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Globalization and Poverty in Senegal: A Worst Case Scenario?

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  • Miet Maertens
  • Liesbeth Colen
  • Johan F.M. Swinnen

Abstract

There is no consensus about how globalization -trade and foreign investments ?affects poverty reduction. Using household survey data, this study contributes to the empirical literature on globalization and poverty by analyzing the household-level implications of increased foreign investments and trade in the horticulture sector in Senegal. In many aspects this represents what many would consider a "worst-case scenario? Stringent rich country standards are imposed on exports and the supply chain is controlled by a single multinational company with extreme levels of supply base consolidation and vertical integration and complete exclusion of smallholder suppliers. We analyze and quantify income and poverty effects under these "worst-case conditions?and find significant positive welfare impacts through employment creation and labor market participation.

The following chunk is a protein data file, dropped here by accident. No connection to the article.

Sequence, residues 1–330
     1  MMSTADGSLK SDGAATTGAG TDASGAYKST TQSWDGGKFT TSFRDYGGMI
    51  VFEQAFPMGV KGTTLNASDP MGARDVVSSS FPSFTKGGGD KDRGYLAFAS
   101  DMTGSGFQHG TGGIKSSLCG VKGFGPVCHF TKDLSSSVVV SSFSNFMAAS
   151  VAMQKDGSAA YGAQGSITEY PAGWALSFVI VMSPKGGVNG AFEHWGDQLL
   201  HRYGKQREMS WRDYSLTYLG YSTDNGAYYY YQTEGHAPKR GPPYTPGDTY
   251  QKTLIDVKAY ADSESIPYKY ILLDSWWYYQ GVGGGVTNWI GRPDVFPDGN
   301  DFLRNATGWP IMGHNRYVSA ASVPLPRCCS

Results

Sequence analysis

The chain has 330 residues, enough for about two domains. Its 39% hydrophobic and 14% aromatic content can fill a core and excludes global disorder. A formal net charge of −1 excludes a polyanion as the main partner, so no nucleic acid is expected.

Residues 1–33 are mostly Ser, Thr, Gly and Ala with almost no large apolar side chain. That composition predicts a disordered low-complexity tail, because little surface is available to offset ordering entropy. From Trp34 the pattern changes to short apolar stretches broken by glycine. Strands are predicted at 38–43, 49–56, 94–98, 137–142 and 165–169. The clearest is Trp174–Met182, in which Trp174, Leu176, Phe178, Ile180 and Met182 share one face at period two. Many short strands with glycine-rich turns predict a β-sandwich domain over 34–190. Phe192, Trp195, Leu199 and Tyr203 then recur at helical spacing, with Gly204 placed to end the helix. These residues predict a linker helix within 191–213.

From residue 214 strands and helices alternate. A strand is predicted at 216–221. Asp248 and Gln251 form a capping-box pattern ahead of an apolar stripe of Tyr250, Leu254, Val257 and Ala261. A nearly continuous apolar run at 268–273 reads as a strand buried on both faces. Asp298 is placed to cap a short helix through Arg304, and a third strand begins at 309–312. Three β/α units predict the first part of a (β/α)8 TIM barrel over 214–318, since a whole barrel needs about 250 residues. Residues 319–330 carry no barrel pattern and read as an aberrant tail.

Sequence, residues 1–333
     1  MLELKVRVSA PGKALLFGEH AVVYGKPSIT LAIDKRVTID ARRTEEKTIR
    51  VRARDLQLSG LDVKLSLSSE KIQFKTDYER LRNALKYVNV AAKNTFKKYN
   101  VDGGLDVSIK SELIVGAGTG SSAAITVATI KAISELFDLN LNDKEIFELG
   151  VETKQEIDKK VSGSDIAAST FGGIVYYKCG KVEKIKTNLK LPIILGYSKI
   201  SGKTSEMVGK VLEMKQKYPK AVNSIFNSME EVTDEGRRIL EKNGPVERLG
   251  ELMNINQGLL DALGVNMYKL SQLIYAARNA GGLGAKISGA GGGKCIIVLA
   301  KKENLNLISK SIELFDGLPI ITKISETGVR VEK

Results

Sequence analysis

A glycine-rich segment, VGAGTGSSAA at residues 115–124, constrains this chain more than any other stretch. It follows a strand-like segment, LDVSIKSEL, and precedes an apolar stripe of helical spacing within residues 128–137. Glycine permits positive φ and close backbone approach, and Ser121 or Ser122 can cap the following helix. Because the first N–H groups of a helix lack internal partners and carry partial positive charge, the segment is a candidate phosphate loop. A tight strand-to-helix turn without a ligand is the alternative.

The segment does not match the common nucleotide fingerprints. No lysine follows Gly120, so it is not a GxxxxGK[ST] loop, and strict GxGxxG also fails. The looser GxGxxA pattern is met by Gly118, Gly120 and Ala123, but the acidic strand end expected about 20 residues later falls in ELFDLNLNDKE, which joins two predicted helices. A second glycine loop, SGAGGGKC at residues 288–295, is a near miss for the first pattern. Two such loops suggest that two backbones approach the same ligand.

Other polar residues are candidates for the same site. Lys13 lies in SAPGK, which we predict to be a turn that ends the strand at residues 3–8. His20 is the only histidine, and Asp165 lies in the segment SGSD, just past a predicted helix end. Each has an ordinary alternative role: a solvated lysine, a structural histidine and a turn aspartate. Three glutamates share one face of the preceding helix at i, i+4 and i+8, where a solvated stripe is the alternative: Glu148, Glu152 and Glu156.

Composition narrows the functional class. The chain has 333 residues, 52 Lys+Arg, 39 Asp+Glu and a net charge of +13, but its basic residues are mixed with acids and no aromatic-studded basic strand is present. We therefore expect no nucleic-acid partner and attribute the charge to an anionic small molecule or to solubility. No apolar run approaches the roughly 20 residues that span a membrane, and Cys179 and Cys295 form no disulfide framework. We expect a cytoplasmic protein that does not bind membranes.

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Bibliographic Info

Paper provided by LICOS - Centre for Institutions and Economic Performance, KU Leuven in its series LICOS Discussion Papers with number 21708.

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Date of creation: 2008
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Handle: RePEc:lic:licosd:21708

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Keywords: trade; FDI; poverty; vertical coordination; modern supply chains;

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